George Washington Papers

From George Washington to Thomas Parker, 27 October 1799

To Thomas Parker

Mount Vernon, Octr 27th 1799


I wrote to you very fully yesterday on the subject of hutting the Troops at Harper’s Ferry, and enclosed a letter from General Hamilton on the same subject. The messenger who took that letter to the Post Office, brought from thence your letter of the 24th inst., and one of the same date from Mr Mackey.

As these letters contain information which may make it proper to countermand, in some measure, the instructions given in my letter of yesterday, I shall be obliged to send this by a special Messenger, as the Mail for Berkley County left Alexa. early this morning, and will not go into that part of the Country again ’till next week.1

As a primary object in quartering three Regts at Harper’s Ferry, was, to collect the Troops in as large bodies as could conveniently be done, from whence many advantages would result, particularly in training and disciplining the Soldiers, I confess I am not a little mortified that the impracticability of getting plank &c. at that place, for building huts, as stated in the letters from yourself and Mr Mackey, seems likely to defeat this design. I can hardly conceive how the quantity of plank mentioned by Mr Mackey, as the calculation of Genl Hamilton, vizt 84,000 feet, could be wanting;2 as the intention was to have the huts built in the manner they used to be for our Army in the late War, when we found no difficulty in having the logs cut and the huts built by the Soldiers, in a very short time, without the aid of large quantities of plank. They were covered in the same manner as are the common log Cabbins which are found in every part of the Country; and the principal, and indeed only use for plank, was to make floors for the Officers’ huts, and doors &c. for the others.

If it be possible to have the three Regiments provided for, in this way, at Harper’s Ferry, it is very desireable that it should be done. But if that is impracticable, then you will be pleased to hut your own Regiment there, and another, if possible; and the remainder must be quartered as near to that place as accommodations can be had; which, I presume, will be at Frederick Town; where, I am informed, there are Barracks belonging to the State of Maryland, which, I have no doubt, can be borrowed for this winter, if they can be made comfortable for the Troops at any reasonable expense.

You will, therefore, after determining as precisely as may be, what number of Troops can be quartered at Harper’s Ferry, proceed to Frederick Town, examine the state of the Barracks there—make such enquiries and estimates as will enable you to determine, with certainty, how many Troops can be accommodated there—and take such measures as to enable you, if possible, to have the whole of the three Regiments, vizt the 8th 9th & 10th stationed there and at Harper’s Ferry.

Altho’ there are Barracks at Carlisle; yet, from the view which I had of them in the year 1794, I am persuaded the expense of making them fit for winter quarters, would be at least as much as to build huts where all the materials are to be purchased. And its distance from the centeral point of Rendezvous (Harper’s Ferry) would make it very objectionable on that ground. My wish is, if these Regiments cannot be collected to one point, that they should not occupy more than two places, and these as near to each other as the nature of the thing will permit.3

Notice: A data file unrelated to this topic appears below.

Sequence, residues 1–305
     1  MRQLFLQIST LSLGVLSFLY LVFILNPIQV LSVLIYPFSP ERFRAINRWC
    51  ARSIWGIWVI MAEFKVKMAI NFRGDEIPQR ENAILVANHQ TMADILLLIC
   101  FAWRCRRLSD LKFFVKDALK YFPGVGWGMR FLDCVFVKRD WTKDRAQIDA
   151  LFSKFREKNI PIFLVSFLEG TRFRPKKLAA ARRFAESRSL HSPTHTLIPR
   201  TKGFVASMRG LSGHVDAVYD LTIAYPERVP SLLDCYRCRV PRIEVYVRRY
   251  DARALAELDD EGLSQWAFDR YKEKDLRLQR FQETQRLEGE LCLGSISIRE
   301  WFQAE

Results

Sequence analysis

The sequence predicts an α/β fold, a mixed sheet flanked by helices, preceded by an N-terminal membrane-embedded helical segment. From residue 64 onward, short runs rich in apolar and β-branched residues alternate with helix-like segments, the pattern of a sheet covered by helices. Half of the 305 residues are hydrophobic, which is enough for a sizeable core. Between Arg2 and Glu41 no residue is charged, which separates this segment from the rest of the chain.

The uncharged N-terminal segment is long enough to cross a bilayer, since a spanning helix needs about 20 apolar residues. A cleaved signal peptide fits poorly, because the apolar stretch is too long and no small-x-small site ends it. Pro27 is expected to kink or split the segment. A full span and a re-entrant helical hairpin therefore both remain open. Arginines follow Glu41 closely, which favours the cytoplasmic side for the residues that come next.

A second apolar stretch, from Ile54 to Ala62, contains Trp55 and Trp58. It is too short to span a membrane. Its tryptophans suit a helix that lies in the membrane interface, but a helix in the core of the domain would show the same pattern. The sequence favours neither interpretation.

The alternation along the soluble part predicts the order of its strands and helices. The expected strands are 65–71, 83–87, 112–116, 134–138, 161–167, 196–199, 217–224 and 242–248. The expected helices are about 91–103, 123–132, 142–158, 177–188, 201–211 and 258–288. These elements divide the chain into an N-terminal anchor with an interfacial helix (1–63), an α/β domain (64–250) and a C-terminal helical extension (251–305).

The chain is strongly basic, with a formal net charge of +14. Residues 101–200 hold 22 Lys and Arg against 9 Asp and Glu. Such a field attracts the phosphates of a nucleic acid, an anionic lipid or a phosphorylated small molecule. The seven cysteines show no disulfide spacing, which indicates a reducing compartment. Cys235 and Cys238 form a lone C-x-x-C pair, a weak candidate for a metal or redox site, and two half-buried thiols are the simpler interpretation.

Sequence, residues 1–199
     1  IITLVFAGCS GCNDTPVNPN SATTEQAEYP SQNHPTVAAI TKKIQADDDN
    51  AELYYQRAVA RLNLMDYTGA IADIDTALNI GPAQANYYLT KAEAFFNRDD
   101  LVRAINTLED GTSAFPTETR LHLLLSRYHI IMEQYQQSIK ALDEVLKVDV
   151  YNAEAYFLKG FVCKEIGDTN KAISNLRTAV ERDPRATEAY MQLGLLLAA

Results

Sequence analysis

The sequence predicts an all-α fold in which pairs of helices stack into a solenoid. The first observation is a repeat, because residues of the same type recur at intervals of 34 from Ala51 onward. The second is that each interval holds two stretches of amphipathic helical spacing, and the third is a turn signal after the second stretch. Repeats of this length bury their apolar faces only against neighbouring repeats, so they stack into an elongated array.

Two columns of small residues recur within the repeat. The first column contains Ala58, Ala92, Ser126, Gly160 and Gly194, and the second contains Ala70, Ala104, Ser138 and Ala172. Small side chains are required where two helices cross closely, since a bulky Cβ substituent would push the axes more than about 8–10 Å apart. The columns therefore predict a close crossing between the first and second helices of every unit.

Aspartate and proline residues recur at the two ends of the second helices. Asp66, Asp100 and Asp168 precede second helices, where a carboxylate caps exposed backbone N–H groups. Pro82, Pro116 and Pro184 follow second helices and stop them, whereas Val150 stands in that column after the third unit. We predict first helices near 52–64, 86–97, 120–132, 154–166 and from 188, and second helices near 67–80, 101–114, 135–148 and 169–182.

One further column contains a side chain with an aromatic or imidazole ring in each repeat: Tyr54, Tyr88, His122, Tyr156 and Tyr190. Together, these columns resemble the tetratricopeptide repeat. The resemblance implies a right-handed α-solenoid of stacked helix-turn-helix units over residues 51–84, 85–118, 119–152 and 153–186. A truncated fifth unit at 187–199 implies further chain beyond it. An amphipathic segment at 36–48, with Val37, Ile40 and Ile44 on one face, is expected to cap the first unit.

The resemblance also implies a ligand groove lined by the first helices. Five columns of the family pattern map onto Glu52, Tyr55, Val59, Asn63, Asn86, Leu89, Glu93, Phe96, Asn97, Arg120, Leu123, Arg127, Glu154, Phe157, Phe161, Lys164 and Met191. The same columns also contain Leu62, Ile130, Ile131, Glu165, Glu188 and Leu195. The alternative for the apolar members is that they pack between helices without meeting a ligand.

Another disadvantage would attend their being quartered at Carlisle (which indeed applies also to Frederick town)—I mean the heavy expense of fuel in an open Country, and in the neighbourhood of a considerable town. This would be an additional motive for concertering the Troops as much as possible; for a large number in one body will not consume so much as they would if divided.

General Hamilton informs me that the 9th Regt is ordered to Frederick town, and the 10th to York town, there to receive further orders.4 And as these will be merely halting places, until arrangements are made for Winter Quarters, you will see the necessity of a prompt execution of the instructions contained in this letter, a copy of which I shall forward to General Hamilton; to whom, as well as to myself, you will be pleased to make a Report of your proceedings.5 I am &c.

(signed) G. Washington

Copy, DLC: Hamilton Papers; Df, DLC:GW. Both copies are in Tobias Lear’s hand.

1Tobias Lear, it would seem, was the special messenger. See Lear to GW, 30 Oct., n.1.

2In a letter to Alexander Hamilton of 29 Oct., Parker enclosed his estimate of the planking that would be needed to build the huts at Harpers Ferry, 48,540 feet (DLC: Hamilton Papers). In his letter to GW of 24 Oct., Mackey had estimated that 84,000 feet “of plank and slabs would be required to cover their huts.”

3For reference to the correspondence regarding these matters, see Parker to GW, 24 Oct., n.1.

4These are York in Pennsylvania and Frederick in Maryland.

5In the draft of this letter, Lear wrote this additional closing paragraph: “As it was my declared resolution, when I accepted the command of the Army, not to take charge of any military operations unless the Army should be called into the field, I have given these instructions at the pressing desire of General Hamilton, as his distance from the part of the Country where these Regts are to be quartered, would occasion delays in his communications which at this advanced state of the Season might be very injurious to the service. With great esteem & regard, I am Sir, Your most Obet Servt.”

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